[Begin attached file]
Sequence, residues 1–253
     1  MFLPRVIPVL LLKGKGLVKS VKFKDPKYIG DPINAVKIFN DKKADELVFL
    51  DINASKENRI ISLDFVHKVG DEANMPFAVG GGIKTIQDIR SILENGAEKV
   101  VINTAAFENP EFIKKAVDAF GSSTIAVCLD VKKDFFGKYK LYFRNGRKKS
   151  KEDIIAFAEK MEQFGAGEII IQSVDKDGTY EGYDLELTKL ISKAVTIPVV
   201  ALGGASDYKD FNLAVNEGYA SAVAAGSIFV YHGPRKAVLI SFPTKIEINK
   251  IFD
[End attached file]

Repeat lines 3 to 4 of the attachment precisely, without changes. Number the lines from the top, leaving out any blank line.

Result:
    51  DINASKENRI ISLDFVHKVG DEANMPFAVG GGIKTIQDIR SILENGAEKV
   101  VINTAAFENP EFIKKAVDAF GSSTIAVCLD VKKDFFGKYK LYFRNGRKKS